In Ukraine, Joe Biden Violated the First Rule of Strategy

In Ukraine, Joe Biden Violated the First Rule of Strategy

The late Cold War diplomat Charles Hill cautioned that the “first rule of strategy” is to “never tell your opponent what you are not going to do.”


As Vladimir Putin’s ill-conceived, ill-informed, and illegal invasion of Ukraine rages on, the Biden administration rightly deserves high praise for uniting the West against Putin’s war of aggression and territorial conquest. But the administration also deserves a healthy dose of critical feedback for violating a basic doctrine of strategy.

The late Cold War diplomat Charles Hill cautioned that the “first rule of strategy” is to “never tell your opponent what you are not going to do.” The rationale for this rule is common sense: Even if you are not going to do X, there is seldom an upside to announcing to your opponent that you will not do X. Announcing the actions we won’t take undermines our flexibility, maneuverability, deterrence, and leverage.


Would Garry Kasparov ever tell his opponent in a chess match where he will not move his knight, rook, or queen on the board? Would Serena Williams ever tell her opponent in a tennis match where she won’t strike the ball on the court? Would Nick Saban ever tell the coach of the other football team what plays he won’t make? Of course, war is not chess, tennis, or football. But that is why the stakes of violating this fundamental rule are even higher.

President Joe Biden has stated in unequivocal terms that the United States will not deploy troops to Ukraine: “Let me be clear—our forces are not engaged and will not engage in the conflict with Russian forces in Ukraine.” And White House press secretary Jen Psaki has announced that Biden “continues to believe that a no-fly zone would be escalatory and could prompt a war with Russia.”

To be sure, I agree with Biden’s decision not to deploy troops or impose a no-fly zone in Ukraine. What I disagree with is announcing—for no good reason—the decision not to take particular courses of action. The only way to pressure a reckless autocratic strongman like Putin into exercising even an iota of caution is to keep him guessing. We cannot do that by shooting ourselves in the foot and publicly limiting our full spectrum of options—even the outlandish ones.

We have seen this movie before. Last July, Biden announced that “[o]ur military mission in Afghanistan will conclude on August 31st.” To the Taliban, this announcement likely translated to: “The United States will not continue fighting us after August 31.” The Taliban thus waited until the United States was about to withdraw from Afghanistan to reconstitute its forces and accurately time its onslaught and conquest of Kandahar and Kabul. It was unnecessary—and indeed counterproductive—for the United States to give the Taliban the green light to attack. Again, I do not take issue with P Biden’s high-level decision to withdraw. I take issue with publicly announcing a withdrawal date to the Taliban, which undermined the administration’s ability to execute its own objective.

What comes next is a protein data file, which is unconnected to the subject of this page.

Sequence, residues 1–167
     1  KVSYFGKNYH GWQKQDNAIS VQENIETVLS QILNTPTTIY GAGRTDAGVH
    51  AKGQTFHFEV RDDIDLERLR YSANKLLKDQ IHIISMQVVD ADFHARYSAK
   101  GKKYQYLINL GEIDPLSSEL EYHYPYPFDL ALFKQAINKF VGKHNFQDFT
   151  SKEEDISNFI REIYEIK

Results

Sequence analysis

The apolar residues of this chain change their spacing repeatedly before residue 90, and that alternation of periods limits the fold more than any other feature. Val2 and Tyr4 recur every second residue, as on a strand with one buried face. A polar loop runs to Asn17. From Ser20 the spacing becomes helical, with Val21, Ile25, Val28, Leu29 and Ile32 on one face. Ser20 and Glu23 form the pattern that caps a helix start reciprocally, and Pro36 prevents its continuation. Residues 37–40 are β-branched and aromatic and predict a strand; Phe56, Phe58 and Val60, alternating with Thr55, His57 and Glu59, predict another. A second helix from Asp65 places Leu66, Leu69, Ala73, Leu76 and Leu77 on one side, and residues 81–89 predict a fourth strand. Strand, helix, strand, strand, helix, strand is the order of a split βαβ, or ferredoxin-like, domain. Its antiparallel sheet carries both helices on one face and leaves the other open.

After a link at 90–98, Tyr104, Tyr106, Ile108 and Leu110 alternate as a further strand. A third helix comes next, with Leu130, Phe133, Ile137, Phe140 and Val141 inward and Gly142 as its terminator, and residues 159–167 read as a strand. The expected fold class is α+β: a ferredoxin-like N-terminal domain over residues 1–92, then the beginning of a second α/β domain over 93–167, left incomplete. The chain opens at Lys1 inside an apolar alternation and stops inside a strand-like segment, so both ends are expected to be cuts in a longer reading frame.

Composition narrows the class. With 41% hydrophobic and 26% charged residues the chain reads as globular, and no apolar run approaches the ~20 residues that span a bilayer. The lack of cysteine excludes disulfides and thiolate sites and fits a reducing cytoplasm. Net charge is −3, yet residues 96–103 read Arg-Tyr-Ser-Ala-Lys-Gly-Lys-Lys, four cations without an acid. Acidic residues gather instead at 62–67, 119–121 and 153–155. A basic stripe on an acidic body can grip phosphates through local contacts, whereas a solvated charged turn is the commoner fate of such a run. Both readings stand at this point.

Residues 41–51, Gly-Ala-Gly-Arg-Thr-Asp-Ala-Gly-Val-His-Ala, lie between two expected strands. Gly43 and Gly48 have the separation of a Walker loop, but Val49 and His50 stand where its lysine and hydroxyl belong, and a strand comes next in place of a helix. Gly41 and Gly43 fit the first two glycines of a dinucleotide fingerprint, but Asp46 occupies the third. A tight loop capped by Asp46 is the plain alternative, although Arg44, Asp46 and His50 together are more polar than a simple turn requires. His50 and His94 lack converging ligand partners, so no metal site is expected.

The mistake of publicly declaring what the United States isn’t willing to do extends far beyond the Biden administration. In fact, President Donald Trump, not Biden, had initially negotiated a withdrawal agreement with the Taliban and set an initial date of May 1, 2021. Trump, not Biden, had repeatedly praised Putin during his time in office. Even now, Trump called Putin’s invasion of Ukraine “genius.” Of all the candidates who ran in the 2020 election, Biden is the best person to be leading America’s response to the ongoing crisis in Ukraine. But he and his team can do even better—by refusing to unnecessarily announce the decisions they are unwilling to take.

The skeptic might argue, however, that it is important to publicly announce such decisions to (1) de-escalate and (2) signal our moral opposition to military intervention. In response to the first, I would argue that the best way to achieve peace is by pressuring adversaries like Putin to act more cautiously. The best way to do this is by refusing to tell them what we aren’t willing to do. With regards to the second, we should heed the advice of former National Security Adviser Brent Scowcroft: “We should never take the stance that ‘virtue is its own reward’” when dealing with serious foreign policy challenges.

Right now, the Biden administration’s approach toward Ukraine can be characterized as follows: ambiguity about what we are willing to do and clarity about what we are not willing to do. A more sensible approach would be to establish clarity about what we are willing to do and ambiguity about what we are not willing to do.

Daniel Khalessi is a J.D. Candidate at Stanford Law School. He holds an M.A. from Yale’s Jackson Institute for Global Affairs (where he was a member of the Brady-Johnson Program in Grand Strategy), an M.A. in Economics from the Yenching Academy of Peking University, and a B.A. in International Relations from Stanford.

Image: Reuters.